Back when the NES and SNES were mainstay consoles, it was commonplace to get a single game and play through it countless times. It didn’t matter how awful the game was, how incredibly difficult it was, or what kind of game breaking bugs stopped you in your tracks; you just played it. That’s how games worked, and that's how they were played. Alwa’s Awakening harkens back to that era of gaming with its retro look and feel. But sticking so closely to those elements of the past might be the game’s biggest misstep as well.
Zoe is your typical NES-era protagonist; she is asked to save the world and dumped into a strange land where she can walk, jump, and attack. Story is miniscule in Alwa’s Awakening, and other characters you run into give you brief bits of dialogue that are usually more instructive than atmospheric. Much like another classic title with a female protagonist and backtracking, Zoe gains powerups as she continues her journey through Alwa, the mystical land she now inhabits.
You will die a lot in Alwa’s Awakening; that much is a guarantee. In fact, the developers have put a death counter on the continue screen just to let you know how many times you’ve perished. More often than not, my reason for death was the game’s platforming sections. This isn’t to say they’re difficult or unreasonable. In fact, they are very era-specific in their fairness and difficulty. Death brings with it one of the game’s major flaws, its save system.
I understand the desire to stick to the formula and have save rooms like a Metroid game, but their inconsistency can be frustrating when you have to rerun the same seven screens to get to the same problem area, only to die and start from that save screen all over again. The choice to stick to the era’s rigid structure hurts Alwa’s Awakening in that it feels old and uninspired in its design. I am all for games like Shovel Knight or Axiom Verge that take inspiration from games and run with it. But the difference between those games and Alwa’s Awakening is that the aforementioned titles evolve the genre and improve upon it. Alwa’s Awakening just sticks to the past and says “that’s the way it is."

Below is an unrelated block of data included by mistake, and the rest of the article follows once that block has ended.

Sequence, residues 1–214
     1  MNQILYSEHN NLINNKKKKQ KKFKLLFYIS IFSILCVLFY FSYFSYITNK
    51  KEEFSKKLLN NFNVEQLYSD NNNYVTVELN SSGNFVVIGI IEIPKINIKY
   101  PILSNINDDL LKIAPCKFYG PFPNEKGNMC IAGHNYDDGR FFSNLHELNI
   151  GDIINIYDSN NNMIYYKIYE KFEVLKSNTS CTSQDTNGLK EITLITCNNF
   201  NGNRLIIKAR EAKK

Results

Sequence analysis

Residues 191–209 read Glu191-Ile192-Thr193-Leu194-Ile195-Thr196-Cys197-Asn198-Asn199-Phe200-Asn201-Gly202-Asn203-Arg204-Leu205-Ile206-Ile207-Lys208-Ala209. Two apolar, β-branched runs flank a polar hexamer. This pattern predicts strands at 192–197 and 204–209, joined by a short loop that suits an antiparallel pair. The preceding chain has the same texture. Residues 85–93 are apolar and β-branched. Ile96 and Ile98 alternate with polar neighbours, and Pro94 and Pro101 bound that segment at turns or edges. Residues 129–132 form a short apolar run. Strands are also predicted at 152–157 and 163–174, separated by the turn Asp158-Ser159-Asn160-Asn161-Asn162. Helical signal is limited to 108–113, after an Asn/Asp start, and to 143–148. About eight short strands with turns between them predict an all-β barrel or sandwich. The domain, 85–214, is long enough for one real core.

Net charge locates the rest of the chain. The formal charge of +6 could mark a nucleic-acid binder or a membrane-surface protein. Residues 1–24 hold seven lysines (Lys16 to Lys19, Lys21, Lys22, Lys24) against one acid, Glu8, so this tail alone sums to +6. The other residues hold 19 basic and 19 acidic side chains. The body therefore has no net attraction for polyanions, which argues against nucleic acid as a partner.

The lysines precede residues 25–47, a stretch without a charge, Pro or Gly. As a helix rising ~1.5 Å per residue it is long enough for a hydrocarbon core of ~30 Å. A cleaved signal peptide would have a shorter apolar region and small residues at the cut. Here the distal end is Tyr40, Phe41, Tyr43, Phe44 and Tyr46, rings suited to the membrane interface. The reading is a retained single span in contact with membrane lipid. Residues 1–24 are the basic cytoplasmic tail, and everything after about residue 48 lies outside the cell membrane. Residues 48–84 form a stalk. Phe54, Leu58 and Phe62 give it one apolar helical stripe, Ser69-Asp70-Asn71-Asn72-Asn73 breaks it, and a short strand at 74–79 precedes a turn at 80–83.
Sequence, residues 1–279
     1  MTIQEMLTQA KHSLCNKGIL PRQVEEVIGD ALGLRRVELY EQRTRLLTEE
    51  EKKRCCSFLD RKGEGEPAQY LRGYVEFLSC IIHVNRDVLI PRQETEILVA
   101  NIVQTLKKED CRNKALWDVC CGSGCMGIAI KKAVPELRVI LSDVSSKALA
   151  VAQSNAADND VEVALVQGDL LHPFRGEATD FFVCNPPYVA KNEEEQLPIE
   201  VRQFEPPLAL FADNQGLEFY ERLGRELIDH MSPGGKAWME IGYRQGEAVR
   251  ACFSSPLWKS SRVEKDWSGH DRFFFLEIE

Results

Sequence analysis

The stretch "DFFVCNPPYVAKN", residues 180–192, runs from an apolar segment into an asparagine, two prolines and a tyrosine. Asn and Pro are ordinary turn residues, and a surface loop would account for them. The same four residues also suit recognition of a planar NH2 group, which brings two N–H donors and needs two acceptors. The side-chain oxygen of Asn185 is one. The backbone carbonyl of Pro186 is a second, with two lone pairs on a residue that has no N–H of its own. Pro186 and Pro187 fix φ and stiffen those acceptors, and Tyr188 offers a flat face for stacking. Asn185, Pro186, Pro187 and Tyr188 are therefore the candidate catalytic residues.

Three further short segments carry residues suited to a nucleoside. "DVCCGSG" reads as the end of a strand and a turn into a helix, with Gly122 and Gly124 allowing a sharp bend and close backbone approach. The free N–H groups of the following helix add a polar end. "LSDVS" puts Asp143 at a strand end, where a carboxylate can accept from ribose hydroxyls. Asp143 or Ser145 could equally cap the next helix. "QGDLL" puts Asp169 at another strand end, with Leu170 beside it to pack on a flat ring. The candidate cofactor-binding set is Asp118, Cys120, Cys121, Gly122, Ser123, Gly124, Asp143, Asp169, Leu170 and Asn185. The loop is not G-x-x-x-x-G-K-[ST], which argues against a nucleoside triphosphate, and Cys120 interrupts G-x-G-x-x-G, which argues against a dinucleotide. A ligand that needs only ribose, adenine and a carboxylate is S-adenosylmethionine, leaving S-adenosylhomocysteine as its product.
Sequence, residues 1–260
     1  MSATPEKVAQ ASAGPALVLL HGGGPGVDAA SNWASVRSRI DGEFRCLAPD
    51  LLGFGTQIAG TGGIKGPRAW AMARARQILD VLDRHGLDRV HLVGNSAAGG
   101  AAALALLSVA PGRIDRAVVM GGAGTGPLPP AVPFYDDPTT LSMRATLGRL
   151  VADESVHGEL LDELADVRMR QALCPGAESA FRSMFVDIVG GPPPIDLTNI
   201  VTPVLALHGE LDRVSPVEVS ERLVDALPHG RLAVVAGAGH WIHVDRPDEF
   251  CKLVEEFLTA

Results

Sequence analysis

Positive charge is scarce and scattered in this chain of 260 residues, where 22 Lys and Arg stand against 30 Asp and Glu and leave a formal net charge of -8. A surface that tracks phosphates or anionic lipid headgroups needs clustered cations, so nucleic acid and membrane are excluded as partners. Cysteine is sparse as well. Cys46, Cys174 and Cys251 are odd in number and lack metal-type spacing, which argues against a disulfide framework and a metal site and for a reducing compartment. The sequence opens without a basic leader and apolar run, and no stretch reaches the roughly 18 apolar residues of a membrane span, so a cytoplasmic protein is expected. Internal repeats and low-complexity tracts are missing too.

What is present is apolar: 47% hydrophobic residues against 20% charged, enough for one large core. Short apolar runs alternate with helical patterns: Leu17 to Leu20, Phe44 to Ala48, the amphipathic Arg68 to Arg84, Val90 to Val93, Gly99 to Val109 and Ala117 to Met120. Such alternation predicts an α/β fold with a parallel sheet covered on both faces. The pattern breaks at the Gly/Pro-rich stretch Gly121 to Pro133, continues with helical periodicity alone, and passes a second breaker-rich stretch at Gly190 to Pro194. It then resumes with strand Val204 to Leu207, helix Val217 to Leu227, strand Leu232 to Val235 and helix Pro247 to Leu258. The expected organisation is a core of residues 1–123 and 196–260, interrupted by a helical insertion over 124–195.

As you progress through the platforming and simplistic combat that involves swinging a staff, you gain powerups. These include the abilities to create blocks and bubbles to get around certain areas of the game as well as a projectile attack. Each of these powers can also be upgraded to give Zoe more abilities and access to new locations. Keeping track of the secrets and places I couldn’t get to yet, only to go back and reach them easily with my new abilities was a nostalgic moment for me. It reminded me of taking notes back when I binged on SNES titles.
One interesting bit worth mentioning is that the upgrades, from what I’ve seen on YouTube, are somewhat optional. Apparently, some players have the skills to pull of complicated jumps and maneuvers in mid-air to reach the secrets without any upgrades. The fact that the option exists is really interesting and gives the game a bit of depth in the sense that there are secrets beyond what is in front of you.
While Alwa’s Awakening nails the graphical look and chiptune sound of 80s platformers, it’s too anchored in the past for its own good. Some would say the platforming is too easy compared to those games, but it makes up for those easy spots with frustrating save rooms and making the player replay through the same few screens to get to the next point. Backtracking comes with the territory and while it’s expected in games like this, that doesn’t make it any less tedious. Overall, Alwa’s Awakening sticks to its inspirations for better or for worse, leading to a game that feels like an homage to the 8-bit era without bringing anything new to the table.